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Well, today I did some more work on the 2m linear. Earlier this week I ordered some SMA connectors and some 1N5711 diodes for the project.
Two 1N5711 diodes will be used to make a voltage peak detector, to detect when the amplifier is subjected to power above 60mW. The SMA connectors will be the interconnects between the modules. This afternoon’s effort was spent soldering the SMA connectors onto two of the boards, and mounting the 2m amplifier module onto the heatsink.
The EME157B2 preamplifier kit was originally intended to be mounted in a masthead box, with BNC connectors soldered to the PCB, and stuck up a pole near the antenna. In my application, I wanted it to be in the same enclosure (with suitable shielding) as the power amp, so that I could use its RF detection to automatically switch the power amplifier on. I will also be using different relays, mounted on a separate board.
Instead of mounting the SPDT relays for the kit on the EME157B2 board, I’ve instead left these off. I also omitted the 2N7000 MOSFET which turns on the relays, and L4, an RF-blocking choke which permits the preamp to run from a 12V source supplied up the coax. I instead will power the preamp directly.
Since the relays will be on a separate board, the plan is to run wires from the gate and source connections where the 2N7000 belongs, and run those out to a controller board. With the relays gone, the RF detection and the preamp are essentially two distinct circuits. So 3 SMA connectors will be needed. Here is the completed board with the SMA connectors fitted, and suitable jumpers installed, ready for tuning.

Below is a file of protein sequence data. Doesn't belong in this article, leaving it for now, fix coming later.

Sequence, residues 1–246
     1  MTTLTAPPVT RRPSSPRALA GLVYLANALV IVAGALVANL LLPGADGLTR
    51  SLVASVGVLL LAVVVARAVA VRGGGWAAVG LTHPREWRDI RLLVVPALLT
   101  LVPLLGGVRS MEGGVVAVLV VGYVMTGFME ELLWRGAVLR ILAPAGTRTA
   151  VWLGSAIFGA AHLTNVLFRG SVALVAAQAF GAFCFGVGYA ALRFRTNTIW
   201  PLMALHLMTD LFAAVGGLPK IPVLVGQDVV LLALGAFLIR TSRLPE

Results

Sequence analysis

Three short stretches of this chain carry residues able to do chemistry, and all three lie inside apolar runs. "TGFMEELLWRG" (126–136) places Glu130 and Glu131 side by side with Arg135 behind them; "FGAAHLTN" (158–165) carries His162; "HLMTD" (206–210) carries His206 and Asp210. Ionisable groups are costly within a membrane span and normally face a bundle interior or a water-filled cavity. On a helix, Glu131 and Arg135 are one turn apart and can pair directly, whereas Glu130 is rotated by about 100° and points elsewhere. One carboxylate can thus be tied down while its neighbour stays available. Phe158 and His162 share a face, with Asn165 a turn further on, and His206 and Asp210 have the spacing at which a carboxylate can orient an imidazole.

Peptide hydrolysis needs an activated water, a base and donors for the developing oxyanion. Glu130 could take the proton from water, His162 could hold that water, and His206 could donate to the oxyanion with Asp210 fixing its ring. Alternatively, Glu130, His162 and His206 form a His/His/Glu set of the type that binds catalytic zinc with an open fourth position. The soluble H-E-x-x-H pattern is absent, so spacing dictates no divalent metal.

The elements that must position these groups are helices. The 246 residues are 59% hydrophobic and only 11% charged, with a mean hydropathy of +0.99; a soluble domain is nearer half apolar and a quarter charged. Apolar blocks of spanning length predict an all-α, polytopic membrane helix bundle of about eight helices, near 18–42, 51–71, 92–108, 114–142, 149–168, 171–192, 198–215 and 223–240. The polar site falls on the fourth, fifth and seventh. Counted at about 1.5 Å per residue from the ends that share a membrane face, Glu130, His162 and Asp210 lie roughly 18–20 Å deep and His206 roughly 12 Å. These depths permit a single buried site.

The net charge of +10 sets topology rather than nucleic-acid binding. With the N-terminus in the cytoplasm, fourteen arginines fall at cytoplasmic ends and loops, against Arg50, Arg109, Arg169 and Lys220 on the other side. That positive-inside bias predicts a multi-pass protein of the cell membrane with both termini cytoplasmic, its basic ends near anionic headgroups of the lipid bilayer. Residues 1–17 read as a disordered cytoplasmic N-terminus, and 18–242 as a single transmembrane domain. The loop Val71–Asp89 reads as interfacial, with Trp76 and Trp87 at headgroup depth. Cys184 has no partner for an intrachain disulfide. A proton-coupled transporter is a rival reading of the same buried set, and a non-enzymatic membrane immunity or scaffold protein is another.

Next, I finished off the power amplifier board, mounting it to the heatsink. I have left one EMC filter disconnected for now, as the instructions say to power it up first with it disconnected to set the trim pot for 4.5V bias. Rather than mounting the board flat on the heatsink, I have instead opted to mount the PCB at 90? to the module. I had to make the supplied eyelets a fraction longer to accommodate this. I also mounted SMA connectors on this board.
The plan is, I’ll route RG195 coax on the left side to a small module which will contain the overload detection circuit and two SMAs for an external attenuator module. On the right, a low-pass filter will be connected. I also had a stab at tapping holes into the sides of the heatsink for mounting a bracket. This bracket would hold the fans on top, and would bolt onto the main enclosure. In doing this, I managed to bugger up two of the 8 holes, and thus what I’ll probably do, is buy a M4 tap tomorrow, drill them all out to 3mm and tap them to 4mm. These are structural holes, so bigger is probably better anyway.
Much of today though was spent designing the controller. I’m still finalising the design, but a rough schematic is below.
So, not yet going, but big parts are built now.